When researching information for my book Radical Self Care, one of the principal questions I kept coming back to was "Why don't we look after ourselves?"
Most self care is fairly standard and whilst we can get better at it and learn more about it, most of the time we at least have a rough idea of how we need to care for ourselves and yet over and over again, we do not!
It's a common theme I not only see in the therapy room but I have also seen in my own life too. The most amazing part of this neglect is that we tend to do it when we need to care for ourselves the most!
I encounter people every single day who are going through difficulties and, without my having to point it out, they will acknowledge that they “should” be eating better, sleeping better or exercising more. Deep down, we know that what we are doing is not good for us and yet when we are struggling we cannot seem to stop ourselves from sabotaging and neglecting ourselves.
Research shows that there are many reasons for us neglecting our self care. According to The International Centre for Self Care Research, we struggle to perform self care largely due to a challenge in changing our behaviours. Some of the most common reasons for us struggling to practice self care are:
Our habits make up much of our daily behaviour and are operated within the subconscious mind. This makes it increasingly difficult for our conscious mind to either start or stop a habit as they are often conducted when we are on ‘autopilot’.
Many of our fundamental self care behaviours are habitual, such as sleep, nutrition and movement, and changing them can feel almost impossible when we are already in a well established habit with them.
Self care is seemingly never more important than when we are struggling with a chronic illness, a time when caring for ourselves and prioritising ou
r needs would be much needed. However, this is also a time when we have little to no energy to create new habits and behaviours.
When dealing with a chronic illness much of the time, there is a need to assume responsibility and management of our own health. Out of 525,600 minutes in a year, patients with chronic conditions spend only on average 66 minutes (0.01%) of the time with a healthcare professional (Riegel et al, 2017) highlighting the need to take responsibility and invest time in managing the condition daily.
However, this is often frightening, overwhelming and daunting, leaving those with chronic conditions feeling confused, isolated and frustrated.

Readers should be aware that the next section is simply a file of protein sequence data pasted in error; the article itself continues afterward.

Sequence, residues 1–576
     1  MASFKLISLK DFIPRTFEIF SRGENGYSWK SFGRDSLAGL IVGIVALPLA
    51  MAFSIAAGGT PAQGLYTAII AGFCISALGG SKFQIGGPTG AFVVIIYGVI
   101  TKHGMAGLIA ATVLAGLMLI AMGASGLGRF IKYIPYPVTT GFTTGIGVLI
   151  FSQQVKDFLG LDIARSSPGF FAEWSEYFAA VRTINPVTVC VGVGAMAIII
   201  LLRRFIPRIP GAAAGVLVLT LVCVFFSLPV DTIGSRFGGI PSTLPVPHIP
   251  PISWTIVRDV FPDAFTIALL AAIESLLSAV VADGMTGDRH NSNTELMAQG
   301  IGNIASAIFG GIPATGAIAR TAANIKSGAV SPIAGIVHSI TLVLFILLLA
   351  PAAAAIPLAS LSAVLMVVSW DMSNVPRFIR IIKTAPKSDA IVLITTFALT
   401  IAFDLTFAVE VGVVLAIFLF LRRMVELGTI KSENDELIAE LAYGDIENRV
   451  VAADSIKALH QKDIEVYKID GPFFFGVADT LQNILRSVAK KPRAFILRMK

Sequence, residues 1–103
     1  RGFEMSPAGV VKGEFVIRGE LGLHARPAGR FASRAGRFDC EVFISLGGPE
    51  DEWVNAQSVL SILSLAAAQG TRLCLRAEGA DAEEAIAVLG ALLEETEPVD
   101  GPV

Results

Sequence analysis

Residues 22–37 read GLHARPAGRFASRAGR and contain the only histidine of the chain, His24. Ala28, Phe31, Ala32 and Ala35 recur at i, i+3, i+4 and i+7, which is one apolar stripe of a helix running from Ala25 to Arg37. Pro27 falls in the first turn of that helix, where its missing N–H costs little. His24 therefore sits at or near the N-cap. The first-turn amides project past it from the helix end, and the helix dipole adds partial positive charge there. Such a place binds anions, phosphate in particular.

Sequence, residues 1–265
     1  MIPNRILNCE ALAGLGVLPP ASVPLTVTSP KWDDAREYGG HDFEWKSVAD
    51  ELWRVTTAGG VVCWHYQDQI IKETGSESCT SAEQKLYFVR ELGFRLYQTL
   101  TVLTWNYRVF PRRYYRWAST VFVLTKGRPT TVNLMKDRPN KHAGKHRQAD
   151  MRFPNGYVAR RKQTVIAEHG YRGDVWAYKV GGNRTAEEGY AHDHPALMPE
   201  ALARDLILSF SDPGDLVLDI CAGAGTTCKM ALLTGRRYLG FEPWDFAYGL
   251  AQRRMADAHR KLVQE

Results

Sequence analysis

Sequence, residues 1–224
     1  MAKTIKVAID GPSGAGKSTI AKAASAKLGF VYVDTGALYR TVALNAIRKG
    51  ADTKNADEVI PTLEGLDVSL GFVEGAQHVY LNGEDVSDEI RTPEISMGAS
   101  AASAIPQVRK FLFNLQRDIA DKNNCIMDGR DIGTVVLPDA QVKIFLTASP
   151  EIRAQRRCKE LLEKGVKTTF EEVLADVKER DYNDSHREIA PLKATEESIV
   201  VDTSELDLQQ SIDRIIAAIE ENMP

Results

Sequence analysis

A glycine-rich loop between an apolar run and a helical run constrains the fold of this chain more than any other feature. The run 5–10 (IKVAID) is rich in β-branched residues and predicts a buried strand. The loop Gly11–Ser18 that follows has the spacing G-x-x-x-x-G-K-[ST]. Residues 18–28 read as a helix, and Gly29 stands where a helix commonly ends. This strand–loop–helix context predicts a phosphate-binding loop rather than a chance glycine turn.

Taking time to care for our own needs often leads us to incorrectly label that as a selfish act. This mindset can come from many experiences, but it is fundamentally from our childhood when we are encouraged to compromise and collaborate with others.
As a new born baby, we are entirely self-focussed (or selfish!). We do not care that our caregiver is sleeping or eating when we want our needs met - we scream and cry until it is taken care of. This ensures our survival and is essential to our development. However, as we begin to get older, we learn that we also need to interact with a community and its survival is dependent on cooperation between each other. We are encouraged to share, to be patient with others and to understand that sometimes their needs have to get met over our own. We are rewarded for doing this and often punished with the chastisement of “Don’t be so selfish” when we do not do it.
Tying into selfishness is the heavy burden of guilt we may feel if or when we do anything that is entirely for ourselves. We believe that doing something for ourselves is ‘wrong’ in some way and start to feel guilty.
In the case of self care, this often means we feel guilty because we spent a whole hour to ourselves and did not clean the house. We cannot go back in time and clean the house in that hour, it has passed. This leaves us feeling persistently guilty and as though we should have done better.
Are you experiencing any of these barriers right now? Over the next few weeks I will share tools to help you overcome these barriers so that you can prioritise your self care but if you just cannot wait, you can get your copy of the book on Amazon today.
If you need one to one help or have any questions please feel free to reach out to us, we always respond.